Posted by: drwbortz | April 22, 2010

Roots: What’s the relationship between exercise & evolution?

I’ve always had a substantial interest in anthropology as a pillar of trying to understand what it means to be human.  I actually met my wife at Harvard summer school, where in 1949 I was attending my first formal course on this topic. This interest festered and lay somewhat dormant during my training years, which were fixated on learning clinical medicine and biochemical research, and thirty years of medical practice at the Palo Alto Medical Clinic and Stanford University Medical Center.

But the opportunity in 1980 to take an extended sabbatical leave from my patient care duties was delicious.  Accordingly, Ruth Anne and I strapped our backpacks on and left JFK on October 1, 1980, and headed directly east to Dakar, Senegal, where three days later, she celebrated her 50th birthday in a never to be forgotten brilliant fishermen’s village on the shore. The locals joined in the chorus. From there a month’s trekking down the west coast of Africa to the awful city of Lagos, Nigeria, the absolute cesspool of humanity, where fortunately we had a medical contact.

We saw a lot.  I had an interest in voodoo medicine, which I saw at first hand, in West Africa.  Then the flight to Nairobi, where I had obtained an unenthusiastic invitation from Richard Leakey to hang around his famous laboratory.  “What does a medical doctor know about old bones?”  His father, Louis and mother Mary were the archetypic anthropologists.  Yet enthusiasm and funds are a good recommendation, so I settled into my pattern of four days a week in Leakey’s library for research study, and three days a week to visit the game parks, Kilimanjaro, Rwanda , Masai Mara, Amboselli, etc.  We brought three of our four children over for long visits to indulge the extraordinary lessons which Africa presents.  It was a fabulous “roots” experience.  Digging in the dust of the Olduvai Gorge, and surveying the shorelines near where Lucy was unearthed reshaped our lives in a way to which only our previous Himalayan adventures could compare.

While in Africa I had three personal ambitions.  First was to explore the frequency and practice of voodoo folk medicine.  Second was to survey the role of older people in the hunter-gatherer culture. And third, to seek the evidence of the physical activity pattern of our old, old ancestors.  It is the last of these three ambitions that held the most promise for exposition. I scrounged enough insights in the Nairobi library to generate sufficient material for a major paper, which I subsequently wrote in the Journal of Human Evolution entitled “Physical Exercise as an Evolutionary Force.”

The library in Nairobi was like Valhalla to the world’s anthropologists. It was where their gathering place, and I had the opportunity to exchange ideas with them on the formative elements of our species.  While the anthropologists were very interested in territoriality, aggression, on nutritional habits, etc. I suggested that maybe  physical exercise was another contributing feature to the formation of our species.  The paper, (of which I’m very proud,) derived from this speculation, and said that our early ancestors left the jungle canopy, where our chimpanzee cousins remain, about 5 million years or so ago.  Our great, great great, grand-daddies and grand-mas went out on the Serengeti, where they adapted an upright stance and a persistence hunting way of life.  This led to a host of gene expression events, such as loss of body hair and a prodigious capacity to sweat.  Among other things, it also gave birth to the growth of the human brain from its chimp size of 500 cc to our current size of 1100 cc.  Interestingly, the Neanderthals who lived between Lucy and us had even bigger brains than ours, but they were also more physically active.  Domestication leads to smaller brains and other adaptive degradations. BDNF ( brain derived neurotrophic factor), is elevated by exercise.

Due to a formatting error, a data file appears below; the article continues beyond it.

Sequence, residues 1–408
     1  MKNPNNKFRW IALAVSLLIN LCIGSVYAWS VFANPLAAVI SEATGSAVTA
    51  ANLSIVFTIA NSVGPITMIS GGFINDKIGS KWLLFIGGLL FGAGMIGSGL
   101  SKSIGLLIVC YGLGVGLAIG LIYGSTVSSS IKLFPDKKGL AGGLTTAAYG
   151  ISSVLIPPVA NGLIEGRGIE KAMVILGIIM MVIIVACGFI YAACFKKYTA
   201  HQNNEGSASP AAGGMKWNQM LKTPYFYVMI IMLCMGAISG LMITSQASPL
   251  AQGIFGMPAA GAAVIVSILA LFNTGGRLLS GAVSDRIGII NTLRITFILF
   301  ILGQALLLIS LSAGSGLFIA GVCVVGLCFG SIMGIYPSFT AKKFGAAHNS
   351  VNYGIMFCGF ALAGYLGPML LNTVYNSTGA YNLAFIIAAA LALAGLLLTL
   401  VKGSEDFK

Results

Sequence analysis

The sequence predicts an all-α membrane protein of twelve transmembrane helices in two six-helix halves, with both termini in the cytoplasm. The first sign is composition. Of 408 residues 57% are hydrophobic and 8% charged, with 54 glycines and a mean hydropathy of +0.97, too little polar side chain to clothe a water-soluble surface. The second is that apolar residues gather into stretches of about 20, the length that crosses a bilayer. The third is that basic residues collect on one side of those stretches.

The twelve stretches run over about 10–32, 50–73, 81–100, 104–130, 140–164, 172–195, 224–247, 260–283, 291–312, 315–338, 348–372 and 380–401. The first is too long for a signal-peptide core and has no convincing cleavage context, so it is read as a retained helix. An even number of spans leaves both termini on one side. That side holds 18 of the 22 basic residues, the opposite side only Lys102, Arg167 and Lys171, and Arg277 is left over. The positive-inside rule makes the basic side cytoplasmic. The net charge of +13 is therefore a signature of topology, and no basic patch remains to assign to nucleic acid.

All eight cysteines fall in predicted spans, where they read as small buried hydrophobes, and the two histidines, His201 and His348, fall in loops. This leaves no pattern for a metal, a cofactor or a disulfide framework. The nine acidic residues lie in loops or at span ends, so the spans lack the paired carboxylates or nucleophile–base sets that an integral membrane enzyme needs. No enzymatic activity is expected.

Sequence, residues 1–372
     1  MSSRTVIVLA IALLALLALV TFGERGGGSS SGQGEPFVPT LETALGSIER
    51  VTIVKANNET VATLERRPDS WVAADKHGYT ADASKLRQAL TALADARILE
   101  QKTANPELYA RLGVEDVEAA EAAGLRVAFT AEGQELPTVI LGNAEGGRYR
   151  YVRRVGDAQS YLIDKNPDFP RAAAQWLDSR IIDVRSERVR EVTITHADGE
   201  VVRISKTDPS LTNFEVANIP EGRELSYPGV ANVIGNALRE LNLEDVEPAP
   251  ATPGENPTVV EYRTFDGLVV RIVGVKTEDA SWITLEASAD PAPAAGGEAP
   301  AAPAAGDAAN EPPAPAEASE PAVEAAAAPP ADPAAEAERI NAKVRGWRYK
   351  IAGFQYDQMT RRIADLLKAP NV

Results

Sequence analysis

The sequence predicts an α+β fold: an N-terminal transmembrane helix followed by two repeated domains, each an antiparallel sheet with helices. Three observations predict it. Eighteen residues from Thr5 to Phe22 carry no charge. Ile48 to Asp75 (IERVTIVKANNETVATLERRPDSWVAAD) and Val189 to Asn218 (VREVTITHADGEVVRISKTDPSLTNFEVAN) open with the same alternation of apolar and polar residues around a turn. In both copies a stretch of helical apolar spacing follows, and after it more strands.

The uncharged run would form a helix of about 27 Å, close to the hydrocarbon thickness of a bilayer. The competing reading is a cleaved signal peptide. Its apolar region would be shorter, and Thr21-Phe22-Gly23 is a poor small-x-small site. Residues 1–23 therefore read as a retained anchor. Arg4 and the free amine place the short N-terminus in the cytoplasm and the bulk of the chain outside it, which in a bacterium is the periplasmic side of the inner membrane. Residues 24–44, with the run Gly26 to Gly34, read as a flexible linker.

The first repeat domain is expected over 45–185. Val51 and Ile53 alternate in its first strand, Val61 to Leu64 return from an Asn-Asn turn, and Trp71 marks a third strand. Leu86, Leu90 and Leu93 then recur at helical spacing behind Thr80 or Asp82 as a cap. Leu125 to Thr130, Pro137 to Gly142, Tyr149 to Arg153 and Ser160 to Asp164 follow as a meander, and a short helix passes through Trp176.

The high mobility habit of our ancestors was re-suggested recently in an article in  Nature by David Lieberman of Harvard University and Dennis Bramble from the University of Utah, who seem to have been aware of my similar work of twenty years previously.

Our primitive exercise pattern has much to tell us about our current condition.  In 2005 the International Journal of Obesity presented a paper by workers at Columbia University and  Verona University Medical School.   These workers calculated that our primitive ancestors had an exercise program that was roughly 160% of ours, and that we, today, would need to add a 12-mile walk to catch up .

The medical implications of this downgrading of our physical activity pattern is regularly apparent in our obesity statistics, as well as in many of the other components of the Disuse Syndrome, of which I will write later. The CDC projects that our current generation of youngsters is the first in the history of our country who may not live as long as their parents.  Therefore, despite spending huge amounts of money and having incredibly more information, we are living less healthy lives with a shortened life expectation. We are now zoo animals, and therefore must be very carefully tended.  We were born free, but we are now degrading our physically active pedigree. This has little to do with the medical system but has only to do with our culture, which has seduced us by way of electricity and the wheel.

We need to rediscover our legs, which have enabled our survival, until now.

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Responses

  1. The problem is how to motivate people to use their legs and get off the sofa, especially working people with children?


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